A stimulant sacrament used as a tonic for alleviating fatigue

Calamus - A stimulant sacrament, used as a tonic for alleviating fatigue

• Botanical Name: Acorus calamus.

• Synonyms: Sweet sedge, sweet flag, rat root, sweet myrtle, beewort, bachh (Hindu), racha (Vedic), and shih-ch'ang pu (Chinese).

• Geographical Location: Europe, Asia, and China. North America from Nova Scotia to

Minnesota, south to Florida and Texas.

• Habitat: Marshes, borders of streams and ponds. Commonly seen among cattails and other species of flag.

• Botanical Description: A perennial resembling the iris that has a horizontal, creeping rootstock up to 5 feet long. It can be distinguished from real iris by the peculiar crimped edges of its leaves and their aromatic odor when bruised. The leaves are sword-like and grow from 2 to 6 feet high, and a similar ridged flower stalk appears from the base of the outer leaves, bearing a cylindrical blunt spike or spadix covered by minute greenish yellow flowers.

For over two thousand years, calamus has been used by the Moso sorcerers of Yunnan, China, and Ayurvedic medical practitioners as a remedy for bronchitis, asthma, and fevers. In China, calamus is ingested to relieve constipation and swelling. Walt Whitman wrote forty-five ballads under the title "Calamus" in his Leaves of Grass:

The essential oil of calamus contains the psychoactive substances asarone and B-asarone. These are the nonamine precursors to TMA-2, a phenethylamine having ten times the potency of mescaline.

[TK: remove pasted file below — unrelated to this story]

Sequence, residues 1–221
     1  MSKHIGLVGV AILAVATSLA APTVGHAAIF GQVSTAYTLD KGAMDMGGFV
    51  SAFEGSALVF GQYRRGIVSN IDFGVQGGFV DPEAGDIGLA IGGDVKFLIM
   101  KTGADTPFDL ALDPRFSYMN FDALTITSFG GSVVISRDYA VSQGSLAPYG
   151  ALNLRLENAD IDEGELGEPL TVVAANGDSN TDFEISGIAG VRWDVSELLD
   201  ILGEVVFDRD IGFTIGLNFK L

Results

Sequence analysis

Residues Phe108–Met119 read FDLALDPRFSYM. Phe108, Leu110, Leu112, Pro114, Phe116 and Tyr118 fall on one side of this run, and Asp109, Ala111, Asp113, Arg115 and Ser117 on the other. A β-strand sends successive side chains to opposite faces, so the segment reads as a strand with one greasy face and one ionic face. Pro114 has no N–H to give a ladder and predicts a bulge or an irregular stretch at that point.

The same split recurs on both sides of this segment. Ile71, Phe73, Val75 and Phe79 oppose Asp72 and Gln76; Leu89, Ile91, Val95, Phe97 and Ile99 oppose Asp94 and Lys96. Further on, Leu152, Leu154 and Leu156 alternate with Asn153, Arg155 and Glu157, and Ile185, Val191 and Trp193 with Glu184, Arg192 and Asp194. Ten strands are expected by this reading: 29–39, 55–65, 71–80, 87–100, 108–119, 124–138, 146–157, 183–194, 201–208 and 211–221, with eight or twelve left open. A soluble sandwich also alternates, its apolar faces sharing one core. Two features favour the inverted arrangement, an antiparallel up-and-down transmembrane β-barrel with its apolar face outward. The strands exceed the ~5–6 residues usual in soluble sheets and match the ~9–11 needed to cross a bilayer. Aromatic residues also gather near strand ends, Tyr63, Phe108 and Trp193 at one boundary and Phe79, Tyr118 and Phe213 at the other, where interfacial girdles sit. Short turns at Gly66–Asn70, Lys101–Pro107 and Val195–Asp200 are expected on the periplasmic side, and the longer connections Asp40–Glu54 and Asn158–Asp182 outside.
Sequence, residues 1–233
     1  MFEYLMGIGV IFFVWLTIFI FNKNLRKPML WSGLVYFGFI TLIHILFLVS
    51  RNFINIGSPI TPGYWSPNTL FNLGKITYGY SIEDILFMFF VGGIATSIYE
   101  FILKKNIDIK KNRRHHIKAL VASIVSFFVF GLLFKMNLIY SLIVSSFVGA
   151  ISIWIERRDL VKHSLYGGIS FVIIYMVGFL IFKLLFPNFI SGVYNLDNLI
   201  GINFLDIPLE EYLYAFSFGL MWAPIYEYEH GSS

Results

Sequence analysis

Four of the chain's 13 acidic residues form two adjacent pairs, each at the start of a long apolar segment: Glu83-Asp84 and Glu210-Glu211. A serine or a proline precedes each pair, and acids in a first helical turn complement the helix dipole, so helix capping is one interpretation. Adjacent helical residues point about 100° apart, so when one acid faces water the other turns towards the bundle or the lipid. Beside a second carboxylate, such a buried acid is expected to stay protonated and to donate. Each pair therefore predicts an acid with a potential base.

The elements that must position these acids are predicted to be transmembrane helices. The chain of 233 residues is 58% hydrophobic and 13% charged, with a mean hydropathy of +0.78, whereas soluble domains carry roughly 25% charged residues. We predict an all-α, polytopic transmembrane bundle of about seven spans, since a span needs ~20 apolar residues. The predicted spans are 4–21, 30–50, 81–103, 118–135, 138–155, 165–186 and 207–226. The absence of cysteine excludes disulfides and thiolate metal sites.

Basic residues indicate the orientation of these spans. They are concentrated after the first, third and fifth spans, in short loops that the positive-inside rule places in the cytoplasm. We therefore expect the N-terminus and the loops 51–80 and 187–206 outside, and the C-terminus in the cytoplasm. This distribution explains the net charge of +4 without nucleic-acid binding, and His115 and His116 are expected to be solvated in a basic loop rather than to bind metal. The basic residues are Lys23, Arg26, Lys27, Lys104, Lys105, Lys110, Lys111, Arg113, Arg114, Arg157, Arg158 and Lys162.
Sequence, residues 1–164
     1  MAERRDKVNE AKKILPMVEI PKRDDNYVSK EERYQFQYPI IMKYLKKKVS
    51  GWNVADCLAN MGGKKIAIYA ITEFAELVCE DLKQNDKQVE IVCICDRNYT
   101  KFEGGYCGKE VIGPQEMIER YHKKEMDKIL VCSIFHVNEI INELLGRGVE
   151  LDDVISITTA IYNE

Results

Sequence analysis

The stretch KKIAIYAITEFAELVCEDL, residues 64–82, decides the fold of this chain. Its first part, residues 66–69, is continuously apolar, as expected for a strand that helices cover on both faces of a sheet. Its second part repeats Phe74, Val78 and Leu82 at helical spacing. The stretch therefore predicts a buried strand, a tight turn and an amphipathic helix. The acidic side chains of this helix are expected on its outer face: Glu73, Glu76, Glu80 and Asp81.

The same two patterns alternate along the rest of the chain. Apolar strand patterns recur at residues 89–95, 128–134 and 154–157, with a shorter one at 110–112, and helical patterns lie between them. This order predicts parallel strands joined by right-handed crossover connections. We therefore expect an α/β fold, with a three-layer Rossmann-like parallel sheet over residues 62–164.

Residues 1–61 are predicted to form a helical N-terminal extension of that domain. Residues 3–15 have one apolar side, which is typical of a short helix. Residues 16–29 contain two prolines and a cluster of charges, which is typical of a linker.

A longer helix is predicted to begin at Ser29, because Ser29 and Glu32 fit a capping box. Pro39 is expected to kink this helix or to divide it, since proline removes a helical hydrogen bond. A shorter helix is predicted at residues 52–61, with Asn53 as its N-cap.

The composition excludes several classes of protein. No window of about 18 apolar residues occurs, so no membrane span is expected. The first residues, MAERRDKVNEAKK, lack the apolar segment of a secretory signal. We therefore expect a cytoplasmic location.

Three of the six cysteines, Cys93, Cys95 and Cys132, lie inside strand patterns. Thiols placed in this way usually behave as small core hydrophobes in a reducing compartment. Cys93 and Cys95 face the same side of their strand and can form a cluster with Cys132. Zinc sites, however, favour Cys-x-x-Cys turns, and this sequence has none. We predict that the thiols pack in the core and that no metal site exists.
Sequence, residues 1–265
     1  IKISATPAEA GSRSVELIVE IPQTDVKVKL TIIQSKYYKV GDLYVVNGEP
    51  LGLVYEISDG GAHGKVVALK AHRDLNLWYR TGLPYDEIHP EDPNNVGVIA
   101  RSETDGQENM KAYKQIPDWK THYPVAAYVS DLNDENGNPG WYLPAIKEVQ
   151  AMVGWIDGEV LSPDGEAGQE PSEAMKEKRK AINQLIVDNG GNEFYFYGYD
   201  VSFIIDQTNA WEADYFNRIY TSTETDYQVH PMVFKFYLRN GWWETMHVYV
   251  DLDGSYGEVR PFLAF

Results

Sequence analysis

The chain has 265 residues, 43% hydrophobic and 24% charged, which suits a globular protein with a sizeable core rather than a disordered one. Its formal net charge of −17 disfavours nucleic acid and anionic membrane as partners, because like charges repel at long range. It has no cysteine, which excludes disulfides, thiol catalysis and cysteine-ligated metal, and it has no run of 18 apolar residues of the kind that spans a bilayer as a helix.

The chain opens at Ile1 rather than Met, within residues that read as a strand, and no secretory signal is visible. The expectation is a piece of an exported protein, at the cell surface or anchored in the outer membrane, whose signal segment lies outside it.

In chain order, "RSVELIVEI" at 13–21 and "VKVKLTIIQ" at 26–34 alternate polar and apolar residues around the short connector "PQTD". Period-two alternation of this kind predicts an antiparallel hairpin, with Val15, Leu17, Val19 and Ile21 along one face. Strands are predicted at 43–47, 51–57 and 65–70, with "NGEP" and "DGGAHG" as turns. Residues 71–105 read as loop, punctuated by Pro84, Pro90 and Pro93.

For I must change the strain—these are not to be pensive leaves, but leaves of joy,) Roots and leaves unlike any but themselves, ...

-Calamus 13-



1, 2, 4-Trimethory-5-Propenylbenzene (Asarone)

Another possible source of asarone is the wild carrot of central Asia (Caucasus Carota). Asarone is converted to TMA-2 in the body by aminization that occurs shortly after ingestion.

Primary Effects

Stimulant when a dried root 2 inches long and the thickness of a pencil is eaten; a hallucinogen when over 10 inches is eaten.


Most preferred technique is to eat the raw root. The root is much like ginger when dry, both in taste and texture. The tongue becomes numb after the root is chewed for four minutes. A common tonic recipe is to boil 1 ounce of calamus root in 1 pint of water. Drink daily before meals. The asarone is more easily converted to TMA-2 on an empty stomach. The root deteriorates with age and should not be used after two years. The asarone has, by that time, become useless.

Ritual Use

Calamus was one of the constituents of an ointment that Moses was commanded to rub on his body when approaching the tabernacle:

Moreover the Lord spoke to Moses, saying 'Take thou also unto thee the chief species, of flowing myrrh five hundred shekels, and of sweet cinnamon half so much, even two hundred fifty, and of sweet calamus two hundred and fifty, and of cassia five hundred, after the shekel of the sanctuary, and of olive oil a kin. And thou shall make it a holy anointing oil, an essence compounded after the art of the perfumer; it shall be a holy anointing oil.' (Exodus 30:22-25)

The psychoactive aspects of asarone in small quantities create the effect of a stimulant. In Canada it is customary for Cree over the age of forty to chew calamus regularly in small amounts as an antifatigue medicine. In larger amounts it can be used as a mind-altering sacrament for the initiation of a boy into warrior status.

Note ofCaution: Some experiments indicate that large quantities of calamus produce tumors in rats. The amount given to produce this effect, however, is astronomical for the weight of the rat. No ill effects have been reported in any of the Cree who use it daily. In fact, they seem to be in good health.

During the Depression, calamus root was chewed as a tobacco substitute in England. It kills the craving for nicotine because of the ginger taste and the aminization that occurs.

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